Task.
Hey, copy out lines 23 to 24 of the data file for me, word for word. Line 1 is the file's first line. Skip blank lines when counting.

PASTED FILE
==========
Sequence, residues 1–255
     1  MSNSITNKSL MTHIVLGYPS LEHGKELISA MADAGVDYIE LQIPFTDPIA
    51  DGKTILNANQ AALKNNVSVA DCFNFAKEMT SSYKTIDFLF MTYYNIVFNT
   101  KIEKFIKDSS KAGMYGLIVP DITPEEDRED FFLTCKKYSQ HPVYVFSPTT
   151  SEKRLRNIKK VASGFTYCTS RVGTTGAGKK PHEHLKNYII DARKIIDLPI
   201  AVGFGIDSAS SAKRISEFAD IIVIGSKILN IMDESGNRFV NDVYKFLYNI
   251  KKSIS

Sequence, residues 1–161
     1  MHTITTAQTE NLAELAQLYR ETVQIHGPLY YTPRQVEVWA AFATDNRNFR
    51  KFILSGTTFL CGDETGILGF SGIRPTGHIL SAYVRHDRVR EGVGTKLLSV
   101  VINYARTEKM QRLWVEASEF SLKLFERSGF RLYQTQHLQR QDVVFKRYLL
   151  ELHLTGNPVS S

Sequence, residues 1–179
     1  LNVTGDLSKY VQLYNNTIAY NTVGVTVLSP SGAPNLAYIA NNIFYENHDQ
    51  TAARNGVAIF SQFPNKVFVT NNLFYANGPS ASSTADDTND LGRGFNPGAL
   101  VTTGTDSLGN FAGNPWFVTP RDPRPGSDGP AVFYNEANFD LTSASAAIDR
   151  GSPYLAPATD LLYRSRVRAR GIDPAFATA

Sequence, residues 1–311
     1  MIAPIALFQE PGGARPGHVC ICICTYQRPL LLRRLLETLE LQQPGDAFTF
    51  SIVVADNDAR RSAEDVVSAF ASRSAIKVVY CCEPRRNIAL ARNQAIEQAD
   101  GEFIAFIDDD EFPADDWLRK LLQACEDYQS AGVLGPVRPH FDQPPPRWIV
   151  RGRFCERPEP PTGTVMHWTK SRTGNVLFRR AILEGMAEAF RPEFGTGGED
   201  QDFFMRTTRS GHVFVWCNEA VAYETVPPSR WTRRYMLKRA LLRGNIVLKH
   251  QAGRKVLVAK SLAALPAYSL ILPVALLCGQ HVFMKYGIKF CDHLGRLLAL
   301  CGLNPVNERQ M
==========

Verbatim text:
   201  QDFFMRTTRS GHVFVWCNEA VAYETVPPSR WTRRYMLKRA LLRGNIVLKH
   251  QAGRKVLVAK SLAALPAYSL ILPVALLCGQ HVFMKYGIKF CDHLGRLLAL